The Grapevine

Sunless Tan Doesn't Take Away Risk Of Cancer

Researchers from the University of Minnesota (UMN) examined data on thousands of Americans who used sunless tanners to understand demographic characteristics and the potential for behaviors that could increase their risk of skin cancer.

The study titled "Characteristics and Skin Cancer Risk Behaviors of Adult Sunless Tanners in the United States" was published in JAMA Dermatology on July 25.

Getting a tan by exposing oneself to the sun is a form of skin damage. Exposure to UV radiation will lead to an increase in the production of melanin, causing the skin to darken over the following 48 hours.

The practice has been associated with an increased risk of sunburn, premature aging, and skin cancer. To avoid these dangers, many chose to switch over to sunless methods such as spray-on mist tans and self-tanner lotions. While the long-term effects of these products remain unknown, experts believe they are externally safe to use. 

"If the chemical stays on the skin and doesn’t get inhaled with the sprayer and you put it on in a lotion form and the skin is intact, in general, we feel like it’s safe," said New York City-based dermatologist Dr. Anita Cela.

The research team tracked over 27,000 adults in the United States to examine their tanning behaviors. Overall, roughly 6.4 percent reported using sunless tanning products.

Users of the products were more likely to be young, white, college-educated women, gay men, and bisexual men. Living in the Western United States and having a family history of skin cancer were among the other factors associated with sunless tanning.

"For the most part, adults who use sunless tanning products continue to engage in risky tanning behaviors," said lead researcher Dr. Matthew D. Mansh from the department of dermatology at University of Minnesota Medical School.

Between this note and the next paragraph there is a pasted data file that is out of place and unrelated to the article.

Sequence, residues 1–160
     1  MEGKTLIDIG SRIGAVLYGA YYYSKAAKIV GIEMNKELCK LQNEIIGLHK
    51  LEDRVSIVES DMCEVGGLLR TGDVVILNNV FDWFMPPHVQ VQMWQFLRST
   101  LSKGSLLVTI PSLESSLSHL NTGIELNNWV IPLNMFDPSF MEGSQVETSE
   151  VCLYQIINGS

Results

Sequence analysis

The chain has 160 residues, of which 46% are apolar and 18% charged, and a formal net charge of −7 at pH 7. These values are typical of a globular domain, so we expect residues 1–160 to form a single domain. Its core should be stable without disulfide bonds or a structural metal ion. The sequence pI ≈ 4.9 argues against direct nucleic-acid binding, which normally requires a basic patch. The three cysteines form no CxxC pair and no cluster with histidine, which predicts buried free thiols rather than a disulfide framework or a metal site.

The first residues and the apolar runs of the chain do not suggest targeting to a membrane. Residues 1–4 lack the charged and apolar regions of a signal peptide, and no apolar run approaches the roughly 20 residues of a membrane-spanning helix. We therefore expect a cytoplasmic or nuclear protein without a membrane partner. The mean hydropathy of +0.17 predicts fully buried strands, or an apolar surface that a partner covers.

According to the findings, these behaviors included the decreased use of shade and protective clothing when the person was outside. Users of sunless tanning products were also found to visit tanning salons more frequently than those who did not use the products. 

Salons offer indoor tanning, a service that typically involves booths or beds that emit UV radiation. Studies have linked this method of tanning to more than 419,000 cases of skin cancer among Americans each year.

There is also a common misconception that sunless tanning products contain sunscreen, which may lead to individuals forgoing the product. "Sunscreen and protective clothing should always be used in conjunction with sunless tanners," said board-certified dermatologist Arielle Kauvar. "They don’t provide adequate protection from UV rays."

In conclusion, the authors explained that sunless tanning could only reduce the risk of skin cancer if people disengaged themselves from these risk behaviors.

"When counseling patients, dermatologists should be aware of the limited evidence that sunless tanning use is associated with significant improvement in skin cancer risk behaviors," they wrote.